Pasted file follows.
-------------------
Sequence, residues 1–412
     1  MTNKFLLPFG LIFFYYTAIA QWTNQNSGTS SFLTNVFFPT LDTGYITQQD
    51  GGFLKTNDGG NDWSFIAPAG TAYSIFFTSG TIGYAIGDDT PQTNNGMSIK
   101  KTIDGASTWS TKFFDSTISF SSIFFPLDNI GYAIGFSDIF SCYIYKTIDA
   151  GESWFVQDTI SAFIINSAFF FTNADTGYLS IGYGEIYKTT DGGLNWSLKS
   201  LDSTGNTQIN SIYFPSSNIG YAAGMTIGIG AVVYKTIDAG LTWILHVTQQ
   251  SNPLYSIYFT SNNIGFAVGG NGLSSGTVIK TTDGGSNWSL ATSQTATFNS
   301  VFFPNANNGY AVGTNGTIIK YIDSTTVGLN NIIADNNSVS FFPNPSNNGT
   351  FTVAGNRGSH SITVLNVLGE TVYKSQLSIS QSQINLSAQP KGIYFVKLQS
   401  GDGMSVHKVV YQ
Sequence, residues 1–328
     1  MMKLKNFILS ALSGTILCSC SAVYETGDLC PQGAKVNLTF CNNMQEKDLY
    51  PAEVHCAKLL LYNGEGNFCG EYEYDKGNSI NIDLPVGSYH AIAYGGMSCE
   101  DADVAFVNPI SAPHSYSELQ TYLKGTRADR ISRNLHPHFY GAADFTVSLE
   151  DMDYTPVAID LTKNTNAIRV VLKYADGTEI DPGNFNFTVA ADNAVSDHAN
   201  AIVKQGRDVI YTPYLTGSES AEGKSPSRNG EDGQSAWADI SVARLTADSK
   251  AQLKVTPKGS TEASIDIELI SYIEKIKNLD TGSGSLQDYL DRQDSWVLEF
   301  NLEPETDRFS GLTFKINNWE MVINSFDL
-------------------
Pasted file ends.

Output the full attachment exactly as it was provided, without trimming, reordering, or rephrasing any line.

Sequence, residues 1–412
     1  MTNKFLLPFG LIFFYYTAIA QWTNQNSGTS SFLTNVFFPT LDTGYITQQD
    51  GGFLKTNDGG NDWSFIAPAG TAYSIFFTSG TIGYAIGDDT PQTNNGMSIK
   101  KTIDGASTWS TKFFDSTISF SSIFFPLDNI GYAIGFSDIF SCYIYKTIDA
   151  GESWFVQDTI SAFIINSAFF FTNADTGYLS IGYGEIYKTT DGGLNWSLKS
   201  LDSTGNTQIN SIYFPSSNIG YAAGMTIGIG AVVYKTIDAG LTWILHVTQQ
   251  SNPLYSIYFT SNNIGFAVGG NGLSSGTVIK TTDGGSNWSL ATSQTATFNS
   301  VFFPNANNGY AVGTNGTIIK YIDSTTVGLN NIIADNNSVS FFPNPSNNGT
   351  FTVAGNRGSH SITVLNVLGE TVYKSQLSIS QSQINLSAQP KGIYFVKLQS
   401  GDGMSVHKVV YQ
Sequence, residues 1–328
     1  MMKLKNFILS ALSGTILCSC SAVYETGDLC PQGAKVNLTF CNNMQEKDLY
    51  PAEVHCAKLL LYNGEGNFCG EYEYDKGNSI NIDLPVGSYH AIAYGGMSCE
   101  DADVAFVNPI SAPHSYSELQ TYLKGTRADR ISRNLHPHFY GAADFTVSLE
   151  DMDYTPVAID LTKNTNAIRV VLKYADGTEI DPGNFNFTVA ADNAVSDHAN
   201  AIVKQGRDVI YTPYLTGSES AEGKSPSRNG EDGQSAWADI SVARLTADSK
   251  AQLKVTPKGS TEASIDIELI SYIEKIKNLD TGSGSLQDYL DRQDSWVLEF
   301  NLEPETDRFS GLTFKINNWE MVINSFDL